To say that we are all individuals is intuitive, but sometimes we lose that wonder of being individual. In a way, that is a part of the innocence that we have – the beauty of being. Unique and different. These are words that marketing has unwittingly crafted into something that is – oddly enough – used to make us purchase the same things. As if we are not individuals. As if we are not unique. As if each individual doesn’t have something of worth to contribute to society by virtue of being an individual.
We are told we are equal, but we are not. We are tall, we are short, we are of all hues, we are all backgrounds conceivable. In being told that we are equal, we forget the inequalities that pervade our society – and that we really should treat each other with the same respect that we adore from others. All too often people become what they hate.
Some are alone and afraid. Some rebel against the quiet of other defeated souls. Some resign themselves to the monotony of their being if only to allow themselves to exist, somehow, as a fragment of a greater whole and nothing more. Some smile all day and cry themselves to sleep tonight, some find salvation through accepting the religious and cultural standards of the day. Look at any teenager if you do not believe this, and know that adults are simply teenagers that survived puberty.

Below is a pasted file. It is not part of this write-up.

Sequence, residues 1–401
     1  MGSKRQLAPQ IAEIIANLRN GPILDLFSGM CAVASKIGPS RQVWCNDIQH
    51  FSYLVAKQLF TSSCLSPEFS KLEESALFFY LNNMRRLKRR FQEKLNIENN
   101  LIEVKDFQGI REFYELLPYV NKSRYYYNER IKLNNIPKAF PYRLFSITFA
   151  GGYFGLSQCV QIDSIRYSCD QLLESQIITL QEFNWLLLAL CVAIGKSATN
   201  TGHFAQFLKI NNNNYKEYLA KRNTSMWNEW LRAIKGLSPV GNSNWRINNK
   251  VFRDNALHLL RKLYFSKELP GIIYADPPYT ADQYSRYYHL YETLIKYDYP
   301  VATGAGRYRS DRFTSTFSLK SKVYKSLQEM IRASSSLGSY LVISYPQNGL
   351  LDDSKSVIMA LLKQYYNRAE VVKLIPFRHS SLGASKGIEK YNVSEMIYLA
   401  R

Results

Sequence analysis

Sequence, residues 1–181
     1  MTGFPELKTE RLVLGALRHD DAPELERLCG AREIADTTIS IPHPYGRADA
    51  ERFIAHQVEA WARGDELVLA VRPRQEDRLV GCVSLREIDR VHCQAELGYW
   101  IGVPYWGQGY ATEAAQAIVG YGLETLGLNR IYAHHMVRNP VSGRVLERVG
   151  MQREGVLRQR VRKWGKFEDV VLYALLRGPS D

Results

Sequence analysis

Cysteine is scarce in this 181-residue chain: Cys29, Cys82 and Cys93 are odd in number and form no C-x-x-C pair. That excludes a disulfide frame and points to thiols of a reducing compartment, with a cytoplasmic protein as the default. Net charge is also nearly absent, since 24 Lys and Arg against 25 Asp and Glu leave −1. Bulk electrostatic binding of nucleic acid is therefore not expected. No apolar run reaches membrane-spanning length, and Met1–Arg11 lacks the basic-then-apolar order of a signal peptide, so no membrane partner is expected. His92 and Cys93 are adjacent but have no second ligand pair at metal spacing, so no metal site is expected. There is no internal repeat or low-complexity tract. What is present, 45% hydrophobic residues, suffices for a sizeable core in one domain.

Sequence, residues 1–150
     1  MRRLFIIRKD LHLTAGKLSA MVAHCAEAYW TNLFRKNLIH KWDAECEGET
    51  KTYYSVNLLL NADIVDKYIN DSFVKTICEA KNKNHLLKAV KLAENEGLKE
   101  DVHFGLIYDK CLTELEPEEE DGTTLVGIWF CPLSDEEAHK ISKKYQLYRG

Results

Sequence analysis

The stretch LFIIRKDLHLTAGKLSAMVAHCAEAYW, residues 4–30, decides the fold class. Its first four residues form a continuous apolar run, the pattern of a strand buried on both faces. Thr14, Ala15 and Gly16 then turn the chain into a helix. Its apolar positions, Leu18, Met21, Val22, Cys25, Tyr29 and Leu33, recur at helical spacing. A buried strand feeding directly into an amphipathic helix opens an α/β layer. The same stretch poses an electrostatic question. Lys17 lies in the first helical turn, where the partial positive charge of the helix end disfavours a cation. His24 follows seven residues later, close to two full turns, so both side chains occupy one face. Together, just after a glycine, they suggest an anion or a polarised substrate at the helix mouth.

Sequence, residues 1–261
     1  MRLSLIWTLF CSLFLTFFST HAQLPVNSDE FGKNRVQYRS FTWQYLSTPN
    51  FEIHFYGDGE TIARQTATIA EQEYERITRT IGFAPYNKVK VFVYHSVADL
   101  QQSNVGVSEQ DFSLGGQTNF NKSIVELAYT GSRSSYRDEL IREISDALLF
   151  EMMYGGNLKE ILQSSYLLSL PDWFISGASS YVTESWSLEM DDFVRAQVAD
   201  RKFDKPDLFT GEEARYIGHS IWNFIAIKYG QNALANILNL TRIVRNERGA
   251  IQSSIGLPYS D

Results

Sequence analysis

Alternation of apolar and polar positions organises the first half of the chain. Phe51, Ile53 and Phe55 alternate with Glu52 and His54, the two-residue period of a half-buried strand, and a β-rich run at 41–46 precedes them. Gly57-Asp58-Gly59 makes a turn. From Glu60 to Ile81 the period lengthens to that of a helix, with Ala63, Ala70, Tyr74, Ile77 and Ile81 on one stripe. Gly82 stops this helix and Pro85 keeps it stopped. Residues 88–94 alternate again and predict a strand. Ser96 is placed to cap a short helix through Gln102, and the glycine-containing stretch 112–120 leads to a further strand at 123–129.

Finding one’s self has become iconic of cultures both of East and West. Yet when most people do find themselves, they keep looking because of disappointment created by the expectations of who they always thought they were – or would be. For many, the greatest fear is finding one’s self – the wonderful and the hellish, swirled like so much ice cream mixed with molten lava.
We are beautiful. We are ugly. We are.
Couples are made up of individuals who were found by other people. Singles are people who may or may not have been found by other people and may or may not have yet found themselves. But if you’re single and you’re lucky, you’ve found yourself. If you’re a part of a couple, you better hope that the other person likes what they find – or you better find yourself so it’s easier being single. If you’re part of a good couple, you might be lucky enough to find out more about yourself. If you’re single, doubly so.
And, in case some of you are wondering, the trouble with finding one’s self isn’t the actual ‘finding’. It’s figuring out what comes next. And most people, in fear of figuring out what comes next, keep trying to find themselves in the hope that they’ll find something that they like better than what they have found. And then there are the people who desperately want someone to find them despite their inability to find or recognize themselves when they find themselves.
You are ugly. You are beautiful. You are. The question is, “have you found yourself?”
Image credit: gutter.